How do you serve Absinthe?
There are two popular methods for serving Absinthe, both require the use of an Absinthe spoon. This is a large spoon with open slots in it, allowing liquid to pass through. You should know that Bohemian absinthe recipes have always meant that much less anise is used in their production, thus the majority of products that we sell don't 'louche' when water is added. Our whole range of Absinthe Originals turns slightly cloudy, however, they do not louche as such. It has no influence on quality whatsoever and our absinthe is not as sweet. Generally, French or Spanish absinthes are much sweeter.
- Pour a shot of Absinthe into absinthe glass, place absinthe spoon over the top and place a sugar cube on the spoon
- Slowly pour ice cold water over the sugar cube, when the water hits Absinthe, it releases essential oils that turn the drink a cloudy.
Absinthe Flame method
- Take a teaspoon full of sugar, or sugar cube and briefly dip it in your glass of absinthe.
- Light Absinthe laced sugar on fire and hold over the glass, the burning alcohol will melt the sugar into the glass.
- When the fire gets low, stir the remaining sugar into the Absinthe and drink.
Is Absinthe legal?
It really depends on where you are. Currently, absinthe containing thujone for human consumption is still illegal in some countries. In the United States, real Absinthe is not a controlled substance but its sale in bars and liquor stores is banned. Absinthe is, however, legal to purchase and possess in the United States. In most of the European Union, absinthe may be sold as long as it stays at 35mg of thujone. In Canada, Absinthe is completely legal, and on sale in some liquor stores. We delivery Absinthe to all US states by DHL Express.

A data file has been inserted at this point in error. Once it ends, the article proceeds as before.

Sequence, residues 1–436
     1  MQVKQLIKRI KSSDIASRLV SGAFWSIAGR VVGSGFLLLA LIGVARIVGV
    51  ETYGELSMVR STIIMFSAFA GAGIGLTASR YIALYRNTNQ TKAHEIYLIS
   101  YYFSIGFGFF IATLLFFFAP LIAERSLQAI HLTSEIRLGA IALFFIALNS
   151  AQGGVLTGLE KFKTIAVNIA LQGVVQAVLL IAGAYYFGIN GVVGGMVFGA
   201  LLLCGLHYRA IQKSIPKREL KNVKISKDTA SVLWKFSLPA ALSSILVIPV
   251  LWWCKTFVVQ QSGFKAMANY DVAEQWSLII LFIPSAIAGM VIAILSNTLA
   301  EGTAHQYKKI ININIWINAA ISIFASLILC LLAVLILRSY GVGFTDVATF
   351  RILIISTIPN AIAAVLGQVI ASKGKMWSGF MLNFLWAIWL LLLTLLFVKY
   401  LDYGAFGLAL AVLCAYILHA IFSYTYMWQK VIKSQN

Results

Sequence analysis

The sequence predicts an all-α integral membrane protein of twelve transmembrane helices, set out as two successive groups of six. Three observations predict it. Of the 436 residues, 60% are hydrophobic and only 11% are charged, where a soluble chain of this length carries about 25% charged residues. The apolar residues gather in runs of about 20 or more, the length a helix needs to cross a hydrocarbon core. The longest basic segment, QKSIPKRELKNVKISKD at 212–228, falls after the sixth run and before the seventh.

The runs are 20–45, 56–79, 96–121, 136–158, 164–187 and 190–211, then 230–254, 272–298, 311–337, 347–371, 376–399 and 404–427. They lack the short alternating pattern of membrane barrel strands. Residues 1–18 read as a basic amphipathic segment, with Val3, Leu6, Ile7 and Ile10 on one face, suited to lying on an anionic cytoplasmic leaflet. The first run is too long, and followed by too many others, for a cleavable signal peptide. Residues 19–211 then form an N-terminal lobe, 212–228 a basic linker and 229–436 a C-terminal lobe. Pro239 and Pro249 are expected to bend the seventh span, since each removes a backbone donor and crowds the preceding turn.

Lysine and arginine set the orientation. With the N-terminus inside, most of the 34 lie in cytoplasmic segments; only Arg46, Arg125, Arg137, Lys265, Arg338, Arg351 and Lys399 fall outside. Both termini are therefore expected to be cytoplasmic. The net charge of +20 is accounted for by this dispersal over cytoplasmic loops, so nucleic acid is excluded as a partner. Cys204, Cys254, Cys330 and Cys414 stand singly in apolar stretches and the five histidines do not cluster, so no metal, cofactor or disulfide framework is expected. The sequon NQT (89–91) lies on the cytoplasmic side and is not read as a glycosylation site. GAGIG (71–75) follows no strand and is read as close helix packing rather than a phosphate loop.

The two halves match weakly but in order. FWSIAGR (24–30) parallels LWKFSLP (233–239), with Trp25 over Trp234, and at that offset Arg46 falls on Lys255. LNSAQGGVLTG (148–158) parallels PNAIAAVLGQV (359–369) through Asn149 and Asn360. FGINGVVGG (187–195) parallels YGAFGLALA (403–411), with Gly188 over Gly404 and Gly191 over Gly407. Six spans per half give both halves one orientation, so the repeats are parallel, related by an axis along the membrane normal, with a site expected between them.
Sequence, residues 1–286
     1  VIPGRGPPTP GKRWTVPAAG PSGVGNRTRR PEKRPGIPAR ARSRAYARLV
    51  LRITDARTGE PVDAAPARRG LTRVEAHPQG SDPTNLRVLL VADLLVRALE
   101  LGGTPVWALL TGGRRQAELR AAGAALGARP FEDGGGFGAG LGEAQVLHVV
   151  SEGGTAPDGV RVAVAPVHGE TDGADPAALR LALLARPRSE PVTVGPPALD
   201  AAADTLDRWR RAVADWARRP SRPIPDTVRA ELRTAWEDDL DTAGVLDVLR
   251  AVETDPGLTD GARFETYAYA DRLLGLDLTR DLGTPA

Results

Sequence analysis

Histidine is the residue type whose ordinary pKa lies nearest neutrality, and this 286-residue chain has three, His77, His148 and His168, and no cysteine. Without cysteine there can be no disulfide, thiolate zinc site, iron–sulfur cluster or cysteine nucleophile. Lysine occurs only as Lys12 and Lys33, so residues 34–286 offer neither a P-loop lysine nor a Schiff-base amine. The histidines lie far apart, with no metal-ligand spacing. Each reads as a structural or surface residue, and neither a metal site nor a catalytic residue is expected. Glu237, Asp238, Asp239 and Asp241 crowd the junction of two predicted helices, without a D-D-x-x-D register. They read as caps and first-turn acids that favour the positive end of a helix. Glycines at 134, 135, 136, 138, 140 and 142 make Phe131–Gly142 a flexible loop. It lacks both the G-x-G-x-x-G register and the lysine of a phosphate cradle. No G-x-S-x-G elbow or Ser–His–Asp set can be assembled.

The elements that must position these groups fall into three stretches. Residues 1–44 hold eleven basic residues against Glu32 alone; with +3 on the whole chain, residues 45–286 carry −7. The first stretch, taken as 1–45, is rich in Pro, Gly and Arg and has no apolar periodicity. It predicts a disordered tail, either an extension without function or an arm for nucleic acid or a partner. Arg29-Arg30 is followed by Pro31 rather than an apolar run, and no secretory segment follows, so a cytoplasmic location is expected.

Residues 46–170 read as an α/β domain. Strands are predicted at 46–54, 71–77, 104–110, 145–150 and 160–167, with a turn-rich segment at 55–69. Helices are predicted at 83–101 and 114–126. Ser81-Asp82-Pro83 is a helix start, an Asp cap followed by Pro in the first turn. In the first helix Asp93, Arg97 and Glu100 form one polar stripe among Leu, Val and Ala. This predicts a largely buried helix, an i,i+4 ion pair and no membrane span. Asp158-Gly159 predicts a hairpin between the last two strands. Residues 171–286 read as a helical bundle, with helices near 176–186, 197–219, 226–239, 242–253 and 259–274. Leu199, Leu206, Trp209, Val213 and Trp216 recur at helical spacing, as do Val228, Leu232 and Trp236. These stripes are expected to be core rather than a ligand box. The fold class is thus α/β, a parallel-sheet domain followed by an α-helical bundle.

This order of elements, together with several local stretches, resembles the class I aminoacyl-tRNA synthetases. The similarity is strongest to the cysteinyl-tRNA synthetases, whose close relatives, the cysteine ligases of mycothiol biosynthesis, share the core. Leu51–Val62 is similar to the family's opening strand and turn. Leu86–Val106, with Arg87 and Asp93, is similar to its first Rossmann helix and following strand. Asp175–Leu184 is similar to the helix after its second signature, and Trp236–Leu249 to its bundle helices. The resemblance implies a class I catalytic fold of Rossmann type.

Is Absinthe safe?
Absinthe is as safe as any other alcoholic drink. The thujone content of all commercial Absinthes is low enough to cause no harm to the human body. However, homemade Absinthe can be potentially very dangerous. Be aware of the fact that although the thujone content of Absinthe may not be harmful, its high alcoholic content can be. As always, practice moderation when enjoying Absinthe and NEVER DRINK ABSINTHE and drive.
When Do you charge my card - when I order, or when you ship?
When you buy absinthe, your card is verified to be working and to have enough credit available for your purchase but is not charged. An authorization is requested from the card and the amount of your order of Absinthe is held for us to remove when we ship your Absinthe out.
Is Absinthe Original site secure for credit cards?
Absinthe Original is 100% SECURE liquor store because we go to great efforts to ensure that our site and your information is secure. In addition to using 256-bit encryption to communicate with the bank, all your contact information is stored in an encrypted database that no unauthorized person can read. For security reasons, we have no access to the credit card information.
It doesn't accept my credit card, how can I order?
There are a variety of reasons why your credit card would not be accepted including a billing information mismatch, insufficient funds or a hold placed on your card. We would suggest that you verify that sufficient funds are in your card for your order and that the billing information is exactly as per your invoice. It is also important to make sure that your Credit Card can be used for overseas transactions. If you still have difficulty, call or e-mail us and we will be happy to put your order through.
I don't have a credit card, how do I buy Absinthe?
Apart from all major Credit Cards and direct bank transfers, we also accept PayPal payments for your absinthe orders. Some of our customers also choose to buy absinthe using cryptocurrencies such as Bitcoin or Litecoins. Once we receive your payment and it is confirmed, processing of your Absinthe order is begun and your order would ship out soon afterward.
Can I buy absinthe in France?
Yes, you can. We accept orders form all European countries as well as from many other countries including Australia, Japan or the United States. We've have been shipping absinthe and absinthe accessories since 1996 and all of our orders are being now delivered by Express Carrier with full online tracking.
How is my Absinthe shipped?
All absinthe orders are packaged in plain cardboard boxes and shipped by DHL Express. Tracking information is sent upon despatch, therefore please make sure that you provide us with a correct email address and telephone number.
How long does it take to ship Absinthe?
It normally takes between 1-2 business days to complete and process an order. Shipping time takes about 48 hours depending on your location. There are no shipments during weekends and Bank Holidays.